“...I’m not trying to recreate the ancient ecosystem,” said Mr. Tallamy, who is chairman of the department of entomology and wildlife ecology at the University of Delaware, in Newark, Del., 15 miles southeast of here. “That is gone. I’m trying to create biodiversity...”

It seems the real secret is providing habitat and food plants for a variety of insects:

“...I went to take this black cherry out and there were 13 tiger swallowtail larvae on it,” he said...“Anybody else would pull this out, but see this?” he asked, pointing to a drab little remnant of a leaf that some young larva had fashioned into a winter home. “That’s a little hybernaculum for the red-spotted purple, which is a butterfly that people want in their gardens...”

...Almost all North American birds other than seabirds — 96 percent — feed their young with insects, which contain more protein than beef, he writes. So the message is loud and clear: gardeners could slow the rate of extinction by planting natives in their yards. In the northeast, a patch of violets will feed fritillary caterpillars. A patch of phlox could support eight species of butterflies. The buttonbush shrub, which has little white flowers, feeds 18 species of butterflies and moths; and blueberry bushes, which support 288 species of moths and butterflies, thrive in big pots on a terrace. (Appropriate species for other regions are listed by local native plant societies.)...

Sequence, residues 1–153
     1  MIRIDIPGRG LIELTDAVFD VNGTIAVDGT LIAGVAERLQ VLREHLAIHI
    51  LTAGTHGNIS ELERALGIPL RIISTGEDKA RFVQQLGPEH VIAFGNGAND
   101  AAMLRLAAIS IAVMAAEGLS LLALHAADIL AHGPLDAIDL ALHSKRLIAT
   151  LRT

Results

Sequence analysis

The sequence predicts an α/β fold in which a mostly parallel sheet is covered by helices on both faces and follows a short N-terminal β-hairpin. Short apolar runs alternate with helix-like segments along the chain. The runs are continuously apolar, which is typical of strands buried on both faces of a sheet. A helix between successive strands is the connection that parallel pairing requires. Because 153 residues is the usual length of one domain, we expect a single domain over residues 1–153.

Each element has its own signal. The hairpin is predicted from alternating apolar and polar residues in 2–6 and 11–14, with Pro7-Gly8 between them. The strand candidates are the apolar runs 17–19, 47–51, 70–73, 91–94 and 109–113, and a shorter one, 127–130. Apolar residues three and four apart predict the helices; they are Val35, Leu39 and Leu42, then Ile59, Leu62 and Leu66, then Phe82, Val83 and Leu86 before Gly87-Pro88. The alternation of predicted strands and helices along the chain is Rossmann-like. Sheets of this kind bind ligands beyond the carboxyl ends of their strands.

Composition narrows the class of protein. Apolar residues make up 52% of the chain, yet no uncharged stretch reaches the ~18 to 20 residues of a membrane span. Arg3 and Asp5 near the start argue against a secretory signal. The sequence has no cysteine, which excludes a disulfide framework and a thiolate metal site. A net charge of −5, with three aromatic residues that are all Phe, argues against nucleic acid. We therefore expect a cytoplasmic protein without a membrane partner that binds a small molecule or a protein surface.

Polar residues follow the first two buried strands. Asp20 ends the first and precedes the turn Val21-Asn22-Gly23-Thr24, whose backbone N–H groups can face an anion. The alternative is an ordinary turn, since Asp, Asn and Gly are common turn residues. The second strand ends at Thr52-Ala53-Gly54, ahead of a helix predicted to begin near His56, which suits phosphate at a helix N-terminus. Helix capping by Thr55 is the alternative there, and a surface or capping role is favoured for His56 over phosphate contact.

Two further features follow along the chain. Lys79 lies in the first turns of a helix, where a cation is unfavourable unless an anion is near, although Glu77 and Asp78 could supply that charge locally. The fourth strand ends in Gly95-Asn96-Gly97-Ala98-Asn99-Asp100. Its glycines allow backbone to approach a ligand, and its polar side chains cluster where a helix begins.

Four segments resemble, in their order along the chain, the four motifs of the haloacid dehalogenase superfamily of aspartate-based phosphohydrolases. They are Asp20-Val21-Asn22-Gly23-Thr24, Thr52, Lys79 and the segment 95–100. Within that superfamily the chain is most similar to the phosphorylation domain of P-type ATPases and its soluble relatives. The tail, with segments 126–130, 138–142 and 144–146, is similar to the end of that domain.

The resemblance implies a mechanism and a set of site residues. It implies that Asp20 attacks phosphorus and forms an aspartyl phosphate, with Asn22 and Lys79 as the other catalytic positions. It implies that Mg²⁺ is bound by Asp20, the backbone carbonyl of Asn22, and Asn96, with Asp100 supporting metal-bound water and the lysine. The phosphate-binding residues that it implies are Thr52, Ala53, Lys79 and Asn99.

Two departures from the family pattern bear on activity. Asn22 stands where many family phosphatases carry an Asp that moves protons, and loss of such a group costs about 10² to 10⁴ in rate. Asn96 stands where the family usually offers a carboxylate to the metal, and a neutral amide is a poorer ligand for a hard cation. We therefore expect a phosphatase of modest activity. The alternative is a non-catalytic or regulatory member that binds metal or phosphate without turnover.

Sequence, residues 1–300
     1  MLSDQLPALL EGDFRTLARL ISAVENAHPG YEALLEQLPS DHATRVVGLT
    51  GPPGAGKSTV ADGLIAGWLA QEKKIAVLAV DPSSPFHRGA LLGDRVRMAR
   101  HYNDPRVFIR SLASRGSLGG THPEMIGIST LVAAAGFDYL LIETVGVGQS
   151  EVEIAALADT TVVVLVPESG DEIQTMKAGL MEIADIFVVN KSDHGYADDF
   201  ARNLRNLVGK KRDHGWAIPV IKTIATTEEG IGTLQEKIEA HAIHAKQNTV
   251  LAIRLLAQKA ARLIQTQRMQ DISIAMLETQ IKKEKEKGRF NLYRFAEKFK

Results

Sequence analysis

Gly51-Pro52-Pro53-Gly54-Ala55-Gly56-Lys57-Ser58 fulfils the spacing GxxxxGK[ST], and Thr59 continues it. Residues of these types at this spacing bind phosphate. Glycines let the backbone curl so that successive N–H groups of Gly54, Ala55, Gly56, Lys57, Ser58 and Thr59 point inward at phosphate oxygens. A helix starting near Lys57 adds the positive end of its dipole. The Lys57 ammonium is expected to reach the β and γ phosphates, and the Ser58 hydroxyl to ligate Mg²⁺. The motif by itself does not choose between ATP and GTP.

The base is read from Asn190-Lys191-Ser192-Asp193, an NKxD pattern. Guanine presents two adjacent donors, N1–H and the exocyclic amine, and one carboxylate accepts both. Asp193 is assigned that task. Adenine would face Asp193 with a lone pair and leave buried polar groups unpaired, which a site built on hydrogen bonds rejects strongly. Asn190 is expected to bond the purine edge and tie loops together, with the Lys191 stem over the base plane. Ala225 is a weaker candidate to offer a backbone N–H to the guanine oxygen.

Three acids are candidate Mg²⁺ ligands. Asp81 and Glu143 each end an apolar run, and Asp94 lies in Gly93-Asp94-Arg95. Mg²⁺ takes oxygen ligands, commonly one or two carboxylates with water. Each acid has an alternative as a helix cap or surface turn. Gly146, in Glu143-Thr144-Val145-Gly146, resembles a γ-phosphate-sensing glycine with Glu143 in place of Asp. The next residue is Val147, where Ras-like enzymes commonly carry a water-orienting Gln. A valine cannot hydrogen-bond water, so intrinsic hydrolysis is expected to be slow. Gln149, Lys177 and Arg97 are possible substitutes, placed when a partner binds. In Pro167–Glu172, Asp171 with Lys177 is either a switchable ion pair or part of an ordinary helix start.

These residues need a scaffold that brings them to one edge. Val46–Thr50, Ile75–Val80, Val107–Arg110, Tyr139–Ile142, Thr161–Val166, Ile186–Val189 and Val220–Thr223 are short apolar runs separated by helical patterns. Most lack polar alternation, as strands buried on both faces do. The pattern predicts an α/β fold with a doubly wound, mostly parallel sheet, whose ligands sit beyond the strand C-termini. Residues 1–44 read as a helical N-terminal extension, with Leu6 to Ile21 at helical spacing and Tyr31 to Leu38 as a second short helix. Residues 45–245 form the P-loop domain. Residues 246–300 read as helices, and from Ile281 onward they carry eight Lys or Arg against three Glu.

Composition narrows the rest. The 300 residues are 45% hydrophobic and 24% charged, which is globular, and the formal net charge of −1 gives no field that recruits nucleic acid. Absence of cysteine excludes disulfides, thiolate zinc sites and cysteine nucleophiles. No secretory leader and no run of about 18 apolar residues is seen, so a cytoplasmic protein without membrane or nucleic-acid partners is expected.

What a great project for all us Green Wiccans! The book, by Mr. Tallamy, is called “Bringing Nature Home” (Timber Press, $27.95). It will be published in November.

“Take that, you dang heathens!”

District to Settle Bible Suit

Stealth religious indoctrination, in the form of bible study classes for high school students, just got torpedoed in Texas. I suppose the fact “the story of the creation, the life of Noah and his ark,” were treated as accurate history might have had something to do with it:

...A West Texas school district has agreed to change the curriculum for a high school course on the Bible to settle a lawsuit that said it amounted to religious indoctrination...The federal suit was filed by the American Civil Liberties Union and the People for the American Way Foundation on behalf of eight parents in the Odessa area. It argued that the course curriculum, adopted in 2005 by the Ector County Independent School District, promoted Protestant Christianity and a specific reading of the Bible as a literal historical document...

Now, here comes the punch line:

...When the Ector County district approved the council’s curriculum, the suit said, the district’s director of curriculum and instruction, Shannon Baker, celebrated the decision in an e-mail message, which read in part, “Take that, you dang heathens!”

Way to go, Shannon! Thanx for letting the world in on your Dominionist agenda.

Monday, March 3, 2008

Didge virtuoso Alan Dargin dies

Singing home soul of the didgeridoo

If you play (or even just love) the didge, you've heard of Alan Dargin. Alan died Sunday in hospital from complications of a stroke. He was only 40:

...For more than 20 years, Dargin and his stick, as he called his yirdaki or didgeridoo, were fixtures at Circular Quay, where he was one of Sydney's best-known buskers. But his fame, and the rock'n'roll sensibility he brought to the most ancient of Aboriginal musical instruments, spread much further. Over the years, Dargin had played at festivals, clubs and concert halls around the world, from London's Royal Albert Hall to New York, Paris and outback stations...Hours later, a symphony of didgeridoo players "sang" Dargin's spirit back to his tribal homeland in Arnhem Land, a tearful crowd clapping in time to the clapsticks.

Above is a pic of my didge, "Taproot Dreaming". Every player knows you have to play your didge often often to give life to the spirit that lives inside it. Here's a few of my meager toots for you, Alan...